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Clonal propagation plays a critical integral role in the growth and success of a global multi-billion dollar horticulture industry through a constant supply of healthy stock plants. The supply chain depends on continuously improving the micropropagation process, thus, understanding the physiology of in vitro plants remains a core component. We evaluated the influence of exogenously applied cytokinins (CKs, N6-benzyladenine = BA, isopentenyladenine = iP, meta-topolin = mT, 6-(3-hydroxybenzylamino)-9-(tetrahydropyran-2-yl)purine = mTTHP) in Murashige and Skoog (MS)-supplemented media on organogenic response and accumulation of endogenous CK and indole-3-acetic acid (IAA) metabolites. The highest shoot proliferation (30 shoots/explant) was obtained with 20 μM mT treatment. However, the best quality regenerants were produced in 10 μM mT treatment. Rooting of Amelanchier alnifolia in vitro plantlets was observed at the lowest CK concentrations, with the highest root proliferation (3 roots/explant) in 1 μM mTTHP regenerants. Similar to the organogenic response, high levels of endogenous bioactive CK metabolites (free bases, ribosides, and nucleotides) were detected in mT and mTTHP-derived regenerants. The level of O-glucosides was also comparatively high in these cultures. All CK-treated plants had high levels of endogenous free IAA compared to the control. This may suggest an influence of CKs on biosynthesis of IAA.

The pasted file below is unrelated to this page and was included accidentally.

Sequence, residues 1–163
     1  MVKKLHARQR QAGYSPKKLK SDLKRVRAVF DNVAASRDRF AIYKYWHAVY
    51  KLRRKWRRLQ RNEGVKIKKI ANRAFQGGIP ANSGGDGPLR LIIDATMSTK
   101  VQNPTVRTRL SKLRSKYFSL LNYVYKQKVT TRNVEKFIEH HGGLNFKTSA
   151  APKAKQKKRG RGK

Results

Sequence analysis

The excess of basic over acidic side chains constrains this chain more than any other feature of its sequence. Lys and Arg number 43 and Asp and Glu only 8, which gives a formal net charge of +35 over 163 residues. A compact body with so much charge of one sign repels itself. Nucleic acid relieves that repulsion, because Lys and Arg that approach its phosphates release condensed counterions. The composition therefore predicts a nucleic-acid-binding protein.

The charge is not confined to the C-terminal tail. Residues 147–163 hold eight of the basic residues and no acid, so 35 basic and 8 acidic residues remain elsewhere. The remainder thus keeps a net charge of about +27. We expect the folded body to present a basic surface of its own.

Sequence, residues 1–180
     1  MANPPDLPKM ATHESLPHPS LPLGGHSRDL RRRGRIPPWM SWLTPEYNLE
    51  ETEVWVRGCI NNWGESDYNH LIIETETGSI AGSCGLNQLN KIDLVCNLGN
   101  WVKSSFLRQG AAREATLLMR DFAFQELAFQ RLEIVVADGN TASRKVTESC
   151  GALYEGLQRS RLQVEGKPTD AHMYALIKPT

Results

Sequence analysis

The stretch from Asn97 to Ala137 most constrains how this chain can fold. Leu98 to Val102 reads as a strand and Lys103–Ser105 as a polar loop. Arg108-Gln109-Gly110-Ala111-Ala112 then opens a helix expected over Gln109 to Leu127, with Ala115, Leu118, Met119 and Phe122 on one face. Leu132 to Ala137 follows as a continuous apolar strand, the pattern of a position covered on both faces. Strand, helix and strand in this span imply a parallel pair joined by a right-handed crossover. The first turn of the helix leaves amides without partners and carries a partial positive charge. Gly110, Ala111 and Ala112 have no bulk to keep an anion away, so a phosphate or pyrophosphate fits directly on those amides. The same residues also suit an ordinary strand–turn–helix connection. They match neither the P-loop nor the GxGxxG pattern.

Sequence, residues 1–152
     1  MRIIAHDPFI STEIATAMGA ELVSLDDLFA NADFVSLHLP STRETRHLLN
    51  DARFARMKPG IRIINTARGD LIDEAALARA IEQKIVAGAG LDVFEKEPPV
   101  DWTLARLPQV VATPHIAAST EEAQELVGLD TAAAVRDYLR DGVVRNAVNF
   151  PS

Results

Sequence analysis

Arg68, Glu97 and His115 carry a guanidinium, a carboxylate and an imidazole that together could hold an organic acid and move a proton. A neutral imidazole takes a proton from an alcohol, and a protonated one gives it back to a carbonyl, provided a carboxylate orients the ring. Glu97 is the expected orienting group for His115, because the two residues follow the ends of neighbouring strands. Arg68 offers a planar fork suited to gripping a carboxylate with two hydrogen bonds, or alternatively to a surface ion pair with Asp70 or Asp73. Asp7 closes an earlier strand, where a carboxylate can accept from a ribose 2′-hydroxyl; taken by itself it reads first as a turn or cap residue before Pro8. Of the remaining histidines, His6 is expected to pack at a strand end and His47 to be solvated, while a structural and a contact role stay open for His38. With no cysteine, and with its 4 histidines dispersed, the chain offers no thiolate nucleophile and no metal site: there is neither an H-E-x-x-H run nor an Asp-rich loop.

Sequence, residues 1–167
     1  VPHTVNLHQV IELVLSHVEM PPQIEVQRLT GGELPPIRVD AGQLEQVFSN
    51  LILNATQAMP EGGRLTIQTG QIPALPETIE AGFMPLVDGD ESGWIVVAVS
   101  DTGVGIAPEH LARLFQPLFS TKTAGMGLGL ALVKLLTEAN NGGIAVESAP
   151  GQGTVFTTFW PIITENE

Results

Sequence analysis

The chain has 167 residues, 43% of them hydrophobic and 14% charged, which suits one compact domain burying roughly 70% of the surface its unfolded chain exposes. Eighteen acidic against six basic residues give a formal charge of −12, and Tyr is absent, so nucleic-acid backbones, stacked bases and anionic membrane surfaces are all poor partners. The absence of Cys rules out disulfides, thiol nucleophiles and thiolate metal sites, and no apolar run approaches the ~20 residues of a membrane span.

Concepts: Metabolism, In vitro, Plant propagation, Berries, Amelanchier alnifolia, Horticulture, Amelanchier

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For millennia, people have cut and joined different plant tissues together through a process known as grafting. By creating a chimeric organism, desirable properties from two plants combine to enhance disease resistance, abiotic stress tolerance, vigour or facilitate the asexual propagation of plants. In addition, grafting has been extremely informative in science for studying and identifying the long-distance movement of molecules. Despite its increasing use in horticulture and science, how plants undertake the process of grafting remains elusive. Here, we discuss specifically the role of eight major plant hormones during the wound healing and vascular formation process, two phenomena involved in grafting. We furthermore present the roles of these hormones during graft formation and highlight knowledge gaps and future areas of interest for the field of grafting biology.

Concepts: Organism, Wound healing, Grafting, Plant reproduction, Cutting, Plant propagation, Horticulture and gardening, Horticulture